The truth is, hearing about God and saying we know him doesn't get us any closer to Him or make us more "whole." If you have received Jesus as your Messiah, you are whole. But the Pharisees knew much about God. The Torah unmistakably and carefully etched in history the activities of a Creator that revealed Himself personally. Yet, they knew Him, not when He came. You see, partial knowledge is only part-knowledge, and at what part has your adventure ceased? 

    For Paul, pressing through his trials wasn't always easy. He had to contend with his people, that looked for opportunities to kill him. At the same time, he radically confronted Roman culture and its paganism. But pressing in was Paul's unique "life force." And make no mistake, everyone has a life force working and operating because they are pushing into something.   Perhaps it is to make their family life better. They press for more money, which can be an obsession, and equally press in for advancement up the corporate ladder. People press in to move up the ministry ladder. God's people are pressing in during times of prayer also. On Sabbath, they are pressing in. As we offer the sacrifice of our praises and offerings, we are pressing in.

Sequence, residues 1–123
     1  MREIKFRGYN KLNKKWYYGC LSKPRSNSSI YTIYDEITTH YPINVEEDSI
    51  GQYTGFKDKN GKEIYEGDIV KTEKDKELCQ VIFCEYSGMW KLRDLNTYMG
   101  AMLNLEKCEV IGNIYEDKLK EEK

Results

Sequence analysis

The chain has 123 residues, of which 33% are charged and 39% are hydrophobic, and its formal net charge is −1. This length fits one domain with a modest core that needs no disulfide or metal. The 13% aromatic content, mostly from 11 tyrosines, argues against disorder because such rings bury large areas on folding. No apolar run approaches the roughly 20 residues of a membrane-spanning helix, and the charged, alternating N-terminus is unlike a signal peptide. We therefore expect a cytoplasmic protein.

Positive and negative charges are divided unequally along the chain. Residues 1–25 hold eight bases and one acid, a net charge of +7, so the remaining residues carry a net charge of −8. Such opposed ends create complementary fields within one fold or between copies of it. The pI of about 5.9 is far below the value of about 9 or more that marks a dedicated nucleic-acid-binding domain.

You see, pressing in means that if I expect God to do something, I presume that God is expecting me to do something also. We always come back to this life of faith that is forever moving like a river's current and this principle of motion. Therefore, pressing in as Paul modeled for us is essential. We often relax our efforts to press in, don't we? Often we don't know why. Then what causes such a cessation of pushing in? It can be precipitated by a religious spirit, a hardened heart, a spirit of hopelessness, too much worldliness, and a spirit of materialism. We can have too much that comes too quickly. Then we begin to feel self-sufficient. We can take for granted this wonderful gift of life. What is it for you? Paul was different.



Realizing in studying Paul's life, pressing in for him came from the ethos that he absorbed on the Damascus road experience. And it is here that we find the root of it—how were you changed the moment you came into the family of God? Our ethos forms out of the intensity of our first encounter with faith and the God of Truth and Life. Paul consistently resided in a particular place with God during the most challenging times. Again, this came from the unique ethos of which Paul absorbed, and it captivated him for the cause of Messiah wholly and eternally.